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I’m liking that one,
Venice, California is known as the birthplace of numerous punk and metal acts (Suicidal Tendencies, Beowülf, etc.), but soon the small beachfront community will also be known as the birthplace of hip-hop MC/songwriter/producer Pause (AKA Daniel Kushnir).
After spending a handful of years concentrating on live performances, Pause headed into the studio to create Pacific Rose, his solo debut. The result is a base of classic California-bred hip-hop peppered with jazz and soul, along with a few surprises thrown into the mix to keep listeners guessing.
The best part of Pacific Rose is that it’s hard to categorize; each track changes things up just slightly. At times, it dips into early nineties nostalgia (MC Serch… yeah, I went there). Other times, infectious, J Dilla-inspired beats dominate, giving listeners a nod to the hip-hop of a decade prior. And occasionally, Pause doesn’t sound anything like a Southern California MC, as his lyrics and delivery bend more toward Midwest folks like Aeon Grey.
But while Pacific Rose pays its respects to the hip-hop of the past, it shines when it finds its own sound. Like any good album, the music should be less about what hip-hop is, and more about what hip-hop can be. And while the album doesn’t follow that credo 100% of the time, it manages to veer off and become its own thing numerous times throughout its nine-track course.
It’s a great start for Pause, especially when you find out that Double K of People Under the Stairs contributed both beats and verses to the album. Not a bad guest to have show up on your freshman release, right?
Learn more about Pause and Pacific Rose here.
Below is the music video for “Caroline,” the album’s second track. Check it out:
Last year, I did one day of extra work on a movie called “Frankie Go Boom.”
Next weekend, “Frankie Go Boom” will premiere at South by Southwest (SXSW) and, if you have a sharp eye, you’ll be able to see me! (Very briefly.)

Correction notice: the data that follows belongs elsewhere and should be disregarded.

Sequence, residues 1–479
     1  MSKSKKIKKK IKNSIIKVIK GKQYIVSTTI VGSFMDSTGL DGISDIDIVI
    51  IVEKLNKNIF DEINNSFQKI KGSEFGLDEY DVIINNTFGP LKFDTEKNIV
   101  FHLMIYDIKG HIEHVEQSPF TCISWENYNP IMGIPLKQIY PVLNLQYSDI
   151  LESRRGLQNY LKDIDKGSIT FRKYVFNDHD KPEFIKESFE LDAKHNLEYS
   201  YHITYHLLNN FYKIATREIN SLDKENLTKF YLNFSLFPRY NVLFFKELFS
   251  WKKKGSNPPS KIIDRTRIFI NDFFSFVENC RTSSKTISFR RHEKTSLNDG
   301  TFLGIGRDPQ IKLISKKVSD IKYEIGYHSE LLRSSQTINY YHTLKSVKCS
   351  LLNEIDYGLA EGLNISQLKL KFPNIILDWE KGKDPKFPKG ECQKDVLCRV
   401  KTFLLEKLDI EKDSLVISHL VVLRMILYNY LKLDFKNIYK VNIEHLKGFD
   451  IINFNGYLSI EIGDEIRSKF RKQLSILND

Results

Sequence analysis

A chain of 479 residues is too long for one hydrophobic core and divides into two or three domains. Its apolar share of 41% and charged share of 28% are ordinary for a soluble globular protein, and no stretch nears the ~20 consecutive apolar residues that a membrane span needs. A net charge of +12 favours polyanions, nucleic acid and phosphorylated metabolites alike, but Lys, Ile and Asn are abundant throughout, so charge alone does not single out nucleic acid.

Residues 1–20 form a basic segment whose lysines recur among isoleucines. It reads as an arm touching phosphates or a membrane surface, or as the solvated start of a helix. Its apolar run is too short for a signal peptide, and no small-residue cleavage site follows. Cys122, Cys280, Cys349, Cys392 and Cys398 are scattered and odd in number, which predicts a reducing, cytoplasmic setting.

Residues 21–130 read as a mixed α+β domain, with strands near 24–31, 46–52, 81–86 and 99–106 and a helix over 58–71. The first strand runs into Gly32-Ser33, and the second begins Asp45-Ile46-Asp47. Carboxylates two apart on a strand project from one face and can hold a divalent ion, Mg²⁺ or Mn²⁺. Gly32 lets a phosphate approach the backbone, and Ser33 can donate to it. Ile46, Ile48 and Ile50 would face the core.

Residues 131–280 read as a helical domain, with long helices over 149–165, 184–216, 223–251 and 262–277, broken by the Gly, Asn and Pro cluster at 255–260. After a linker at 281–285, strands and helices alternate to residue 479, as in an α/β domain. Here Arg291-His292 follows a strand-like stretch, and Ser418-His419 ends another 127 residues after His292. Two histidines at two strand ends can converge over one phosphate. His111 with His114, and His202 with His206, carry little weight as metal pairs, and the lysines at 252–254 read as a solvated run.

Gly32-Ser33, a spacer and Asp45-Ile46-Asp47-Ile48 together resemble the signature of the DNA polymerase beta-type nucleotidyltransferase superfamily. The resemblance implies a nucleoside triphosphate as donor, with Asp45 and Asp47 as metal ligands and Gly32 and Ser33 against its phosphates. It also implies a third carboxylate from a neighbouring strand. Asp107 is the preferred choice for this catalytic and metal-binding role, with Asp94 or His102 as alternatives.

Directed by Jordan Roberts, the premise behind “Frankie Go Boom” is:
Frank Bartlett has been tortured, embarrassed, and humiliated by his brother Bruce — usually on film — his entire life. Now that Bruce is finally off drugs and has turned his life around, things should be different. They are not.
It stars Charlie Hunnam, Chris O’Dowd, Lizzy Caplan, Chris Noth and Ron Perlman. Oh, man… just wait until you see Ron Perlman. Believe me, you’ve never seen him like this before.
Anyway, I’m in the audience during a “drug rehab graduation” scene. Look for a shot of Nora Dunn and Sam Anderson whispering to each other; I’m directly in front of them on the right. Trust me when I say that if you blink you’ll miss me.
Funny story about shooting: Originally, I was supposed to be on the stage playing a recovering addict. Apparently, I fit the part! But before shooting began I got moved down into the audience; guess I’m just not junkie enough. Thankfully.
I had an opportunity to check out the movie a little while back, and I have to say that I’m really happy to have been an admittedly tiny part of it. It’s very funny and totally insane. Exactly how I like my movies.
If you’re going to SXSW next week, be sure to check it out. Here are the details:
SXSW: “Frankie Go Boom”
Stateside Theatre | 719 Congress Avenue
Saturday, March 10th | 10:30 PM
First and only time being an extra,
But not really,
Back when I was living in Columbus, Ohio my friends and I started a quote wall. Whenever a bit of brilliance (or otherwise) poured out of someone’s mouth, somebody would yell “Quote!” thus nominating it for Quote Board status. The quote then had to be seconded by someone (it almost always was), and then it would be written down to be forever immortalized on the Quote Board.
This is the modern day equivalent of that classic piece of my past.
“It smells like a Band-Aid. It smells like a Band-Aid on a foot. It smells like a Band-Aid on a foot in a hospital.”
– Beth Shady, about Justin’s drink, 2/25/12
Not worth $12,